Case Number: 3396

Council Meeting: 8 May 2023

Decision: Not Upheld

Publication: The Spinoff

Principle: Accuracy, Fairness and Balance
Comment and Fact
Conflicts of Interest

Ruling Categories: Bias


  1. The Spinoff published an article on 15 February 2023, headlined Review: Hogwarts Legacy tests the limits of childhood nostalgia. The complainant argues that comment in the article about Harry Potter author JK Rowling was factually incorrect and in breach of Media Council Principles (1) Accuracy, Fairness and Balance; (4) Comment and Fact; (10) Conflicts of Interest. The complaint is not upheld.

The Article

  1. The review began by referring to the discourse around JK Rowling and says The Harry Potter universe comes from the mind of an author who has spent the last half decade being outspokenly and repeatedly transphobic, using her public profile to actively battle trans rights, right up to the release of this game. 

The Complaint

  1. Hilary Oxley complained that the reviewer’s comments were untrue and possibly defamatory. Citing numerous references, she said the many clarifying things JK Rowling has said “made it clear, to any open mind, that she is not fighting against trans rights, nor is she transphobic.”
  2. Ms Oxley said The Spinoff was yet again attempting to mislead the public with distressing and dishonest one-sided reporting related to gender and sex. She said the review would have been more balanced if some of the debate around whether or not JK Rowling was transphobic had been presented.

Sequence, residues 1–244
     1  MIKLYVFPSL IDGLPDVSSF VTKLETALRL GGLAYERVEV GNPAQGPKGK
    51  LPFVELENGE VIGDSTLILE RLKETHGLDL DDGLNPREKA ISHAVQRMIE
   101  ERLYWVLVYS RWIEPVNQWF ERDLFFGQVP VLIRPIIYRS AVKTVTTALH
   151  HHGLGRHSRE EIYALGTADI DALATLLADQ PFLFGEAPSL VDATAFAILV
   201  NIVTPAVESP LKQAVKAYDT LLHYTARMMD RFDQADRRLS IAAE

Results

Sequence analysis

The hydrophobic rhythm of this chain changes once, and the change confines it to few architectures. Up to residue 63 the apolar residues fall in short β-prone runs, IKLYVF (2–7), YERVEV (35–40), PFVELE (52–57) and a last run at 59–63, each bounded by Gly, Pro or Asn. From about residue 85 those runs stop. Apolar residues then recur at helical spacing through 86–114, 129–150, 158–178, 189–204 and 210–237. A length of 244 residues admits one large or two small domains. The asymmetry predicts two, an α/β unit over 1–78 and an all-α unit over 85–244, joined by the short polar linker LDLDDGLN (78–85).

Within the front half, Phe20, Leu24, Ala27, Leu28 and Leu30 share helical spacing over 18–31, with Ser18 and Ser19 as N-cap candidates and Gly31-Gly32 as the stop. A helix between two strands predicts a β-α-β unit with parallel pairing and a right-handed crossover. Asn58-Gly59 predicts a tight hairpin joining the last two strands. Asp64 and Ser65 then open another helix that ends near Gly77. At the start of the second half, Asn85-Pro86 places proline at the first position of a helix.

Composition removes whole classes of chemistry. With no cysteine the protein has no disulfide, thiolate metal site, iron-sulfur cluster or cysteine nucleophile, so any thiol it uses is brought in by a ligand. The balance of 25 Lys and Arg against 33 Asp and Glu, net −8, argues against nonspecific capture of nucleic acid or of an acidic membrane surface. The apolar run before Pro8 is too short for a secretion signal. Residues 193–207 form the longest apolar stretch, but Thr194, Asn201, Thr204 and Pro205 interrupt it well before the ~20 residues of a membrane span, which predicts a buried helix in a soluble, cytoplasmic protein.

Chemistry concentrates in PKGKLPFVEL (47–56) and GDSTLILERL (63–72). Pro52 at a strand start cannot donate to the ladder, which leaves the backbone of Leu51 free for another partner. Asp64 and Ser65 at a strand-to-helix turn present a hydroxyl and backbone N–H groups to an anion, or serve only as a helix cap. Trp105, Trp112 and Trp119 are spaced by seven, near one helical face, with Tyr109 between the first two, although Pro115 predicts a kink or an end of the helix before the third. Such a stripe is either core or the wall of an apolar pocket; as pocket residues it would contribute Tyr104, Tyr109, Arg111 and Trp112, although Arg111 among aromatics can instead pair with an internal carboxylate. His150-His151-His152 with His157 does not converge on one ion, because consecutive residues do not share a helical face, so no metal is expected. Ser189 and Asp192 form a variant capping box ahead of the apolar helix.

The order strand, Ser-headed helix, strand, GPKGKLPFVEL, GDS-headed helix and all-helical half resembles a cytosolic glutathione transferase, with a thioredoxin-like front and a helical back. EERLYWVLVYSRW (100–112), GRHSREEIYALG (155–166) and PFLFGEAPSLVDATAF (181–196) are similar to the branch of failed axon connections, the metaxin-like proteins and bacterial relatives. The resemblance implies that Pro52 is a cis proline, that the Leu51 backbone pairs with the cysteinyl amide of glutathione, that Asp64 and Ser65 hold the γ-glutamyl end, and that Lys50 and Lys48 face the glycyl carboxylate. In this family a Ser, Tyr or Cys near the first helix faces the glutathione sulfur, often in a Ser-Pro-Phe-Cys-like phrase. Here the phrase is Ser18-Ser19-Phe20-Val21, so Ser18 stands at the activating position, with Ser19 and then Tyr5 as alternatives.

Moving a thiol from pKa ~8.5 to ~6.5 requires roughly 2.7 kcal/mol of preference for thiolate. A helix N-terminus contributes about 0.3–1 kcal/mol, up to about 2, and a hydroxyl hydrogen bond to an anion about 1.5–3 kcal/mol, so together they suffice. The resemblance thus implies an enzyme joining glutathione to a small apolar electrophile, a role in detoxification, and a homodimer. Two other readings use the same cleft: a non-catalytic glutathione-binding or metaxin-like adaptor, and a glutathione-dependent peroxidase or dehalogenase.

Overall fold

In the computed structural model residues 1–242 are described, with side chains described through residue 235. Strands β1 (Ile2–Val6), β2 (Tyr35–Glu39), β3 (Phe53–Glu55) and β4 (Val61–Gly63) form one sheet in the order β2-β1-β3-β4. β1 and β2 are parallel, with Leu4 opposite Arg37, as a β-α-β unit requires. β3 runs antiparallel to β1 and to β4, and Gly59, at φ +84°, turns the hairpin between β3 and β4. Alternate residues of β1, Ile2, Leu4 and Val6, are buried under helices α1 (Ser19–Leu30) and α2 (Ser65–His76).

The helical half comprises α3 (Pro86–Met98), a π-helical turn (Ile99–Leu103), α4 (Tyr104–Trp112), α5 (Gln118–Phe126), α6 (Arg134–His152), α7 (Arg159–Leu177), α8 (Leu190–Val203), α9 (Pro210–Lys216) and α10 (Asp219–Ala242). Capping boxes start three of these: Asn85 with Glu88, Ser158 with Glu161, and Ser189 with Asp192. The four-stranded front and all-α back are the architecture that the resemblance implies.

3. The complainant took issue with a brief reference at the end of the review to JK Rowling’s “yanking of antisemitic tropes.”
  4. The complainant also wondered if there was a conflict of interest when The Spinoff employed “someone with a particular interest in appearing fair minded and wanting to keep up readership numbers around a topic which gets boycotted/cancelled easily.”

The Response

  1. The Spinoff responded saying the substance of the debate around whether JK Rowling had ever said anything transphobic was moot.
  2. Ms Rowling had repeatedly made comments that fit under both the commonly understood and standard definition of transphobia (dislike of, or strong prejudice against transgender people) and included comments that criticised language that is inclusive of trans people, comments that specifically call for trans people to be excluded from single-sex spaces and publicly opposing legislation that would give trans people rights.
  3. The Spinoff said “Rowling has become one of the more prominent voices and images of the ‘gender critical’ movement, widely regarded as transphobic. The review acknowledges this and also acknowledges that it has contributed significantly to the discourse around this game since it was announced in 2020.”
  4. As for the complaint that it breached Principle (4) Comment and Fact, the piece was clearly labelled as a review, and everything contained within it should be understood to be an opinion.

The Discussion